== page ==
Friday, March 2, 2012


My most exhausting trip was one that I thought would be a new chapter in my academic life. I was planning on attending an out of state college in Tampa, Florida.

I was so excited to actually be going to Florida; that I would staying there for more than just a week or so. But I was nervous too. The night before I left I lay awake: exhausted, happy and scared. Not the best way to start my early morning trip to the airport; I hadn't slept at all. I left my family with tight gripped hugs and dazed goodbyes. I was lightheaded and zoning out but still too nerved up to actually contemplate sleep.

The plane ride was as it always is: cramped and awkward. And by the end I was feeling even more worn down. I arrived at the airport with no one to meet me. I waited for my bulky, wheel-less luggage with a feeling of complete loss.

I had to take a city bus to my next destination, so I lugged the 50 plus pounds of my baggage, the straps cutting into my shoulders to the bus stop outside of the airport. I was the only young person on the bus and I was further made aware of the state of Tampa when a group of homeless-looking men and women got on the bus.

When I reached my stop I was situated right across from the university. A four-lane street and steady flowing traffic stopped me in my tracks. No pedestrians were in sight except for me; my awkward bags biting into my tired shoulders and thumping heavily every so often against my hips. I waited a small eternity to just cross the street. I was fairly dead by the time I reached the other side under the indifferent eyes of young students in nice cars. It felt like a walk of shame especially because I had not thought to change out of my clothes appropriate for Northern weather and into something more suited for late August in central Florida.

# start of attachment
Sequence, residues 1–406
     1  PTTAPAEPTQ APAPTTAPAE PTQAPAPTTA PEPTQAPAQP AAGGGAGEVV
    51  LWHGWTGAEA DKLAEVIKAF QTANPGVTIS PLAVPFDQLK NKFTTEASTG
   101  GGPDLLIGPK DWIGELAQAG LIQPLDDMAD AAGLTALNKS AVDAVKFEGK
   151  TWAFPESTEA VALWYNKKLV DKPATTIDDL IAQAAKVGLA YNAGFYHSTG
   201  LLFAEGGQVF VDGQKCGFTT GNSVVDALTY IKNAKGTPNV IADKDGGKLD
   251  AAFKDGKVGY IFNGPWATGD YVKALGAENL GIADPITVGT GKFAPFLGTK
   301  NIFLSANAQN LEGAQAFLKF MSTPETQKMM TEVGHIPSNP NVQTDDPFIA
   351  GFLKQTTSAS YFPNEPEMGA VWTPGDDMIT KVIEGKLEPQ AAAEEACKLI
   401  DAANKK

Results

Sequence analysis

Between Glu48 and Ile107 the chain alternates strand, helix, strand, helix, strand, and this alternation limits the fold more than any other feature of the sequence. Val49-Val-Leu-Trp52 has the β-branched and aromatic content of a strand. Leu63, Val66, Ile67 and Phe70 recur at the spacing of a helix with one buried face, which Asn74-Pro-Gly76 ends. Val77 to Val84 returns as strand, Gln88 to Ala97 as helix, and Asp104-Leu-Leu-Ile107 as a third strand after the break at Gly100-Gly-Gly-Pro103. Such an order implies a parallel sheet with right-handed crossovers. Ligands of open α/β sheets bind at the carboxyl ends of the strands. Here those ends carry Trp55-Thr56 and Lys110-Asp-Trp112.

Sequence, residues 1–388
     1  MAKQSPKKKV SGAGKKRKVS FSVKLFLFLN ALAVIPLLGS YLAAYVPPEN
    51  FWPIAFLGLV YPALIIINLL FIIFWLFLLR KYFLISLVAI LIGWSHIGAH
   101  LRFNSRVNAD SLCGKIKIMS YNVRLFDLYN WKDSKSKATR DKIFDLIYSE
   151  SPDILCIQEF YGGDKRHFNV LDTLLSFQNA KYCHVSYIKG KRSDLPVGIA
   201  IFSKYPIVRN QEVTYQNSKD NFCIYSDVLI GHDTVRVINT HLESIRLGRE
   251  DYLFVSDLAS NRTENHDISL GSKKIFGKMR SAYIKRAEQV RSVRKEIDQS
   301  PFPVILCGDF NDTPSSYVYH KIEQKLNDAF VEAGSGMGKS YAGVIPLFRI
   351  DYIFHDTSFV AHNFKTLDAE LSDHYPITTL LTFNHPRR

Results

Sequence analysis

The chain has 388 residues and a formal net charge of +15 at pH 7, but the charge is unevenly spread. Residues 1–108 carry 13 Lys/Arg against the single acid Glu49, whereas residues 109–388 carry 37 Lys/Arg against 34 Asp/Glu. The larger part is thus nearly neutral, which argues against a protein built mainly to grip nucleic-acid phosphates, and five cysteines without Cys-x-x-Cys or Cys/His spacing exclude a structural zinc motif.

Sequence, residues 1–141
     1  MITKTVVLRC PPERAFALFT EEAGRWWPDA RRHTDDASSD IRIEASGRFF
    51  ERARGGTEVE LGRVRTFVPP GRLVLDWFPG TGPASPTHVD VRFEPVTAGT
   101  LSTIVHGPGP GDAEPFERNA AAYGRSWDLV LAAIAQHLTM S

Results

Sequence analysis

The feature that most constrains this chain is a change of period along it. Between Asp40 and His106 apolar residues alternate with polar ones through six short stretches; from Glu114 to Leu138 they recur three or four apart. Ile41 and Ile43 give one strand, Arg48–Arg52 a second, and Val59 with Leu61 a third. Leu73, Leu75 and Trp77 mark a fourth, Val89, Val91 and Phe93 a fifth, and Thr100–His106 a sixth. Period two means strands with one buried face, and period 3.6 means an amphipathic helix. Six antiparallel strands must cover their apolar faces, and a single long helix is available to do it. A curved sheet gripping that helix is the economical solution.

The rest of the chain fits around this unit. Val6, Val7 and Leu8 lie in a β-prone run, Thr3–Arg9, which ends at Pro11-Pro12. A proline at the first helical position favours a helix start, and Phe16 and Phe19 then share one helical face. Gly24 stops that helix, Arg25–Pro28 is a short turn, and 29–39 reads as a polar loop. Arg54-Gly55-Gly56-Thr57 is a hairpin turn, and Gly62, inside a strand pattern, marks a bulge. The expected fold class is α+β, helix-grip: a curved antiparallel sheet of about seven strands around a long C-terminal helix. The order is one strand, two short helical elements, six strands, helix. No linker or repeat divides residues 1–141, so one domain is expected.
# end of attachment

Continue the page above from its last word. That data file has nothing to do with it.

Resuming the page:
Sweating, uncomfortable and worn out I went to get my student ID and other important items so I could actually get into my dorm room. I parked my big bags down in a corner, I was the only student that did not have someone to help them unload luggage, and I was obviously the only student who got here by bus. I felt out of place among these younger kids with bright eyes and no apparent worries.

I queued up relieved that I was in the right place at a decent time and making quick progress. But I was met with a frown and was told I needed to go to another line and pick up my ID, etc, there. Oh, and they had some problems. The problem turned out to be that they needed me to pay the full tuition immediately, up front if I wanted to even get into a dorm room that day. Of course I found all this out after waiting more than three hours in an endless line of students with their parents.

Maybe I was completely delusional thinking things would work out once I got down there. I thought they would be more understanding or more helpful. But if I wanted to attend their school I would have to take out a $10, 000 loan right there in front of them. I sat down in a bit of a hopeless state thinking to myself that this school was not worth getting into debt over.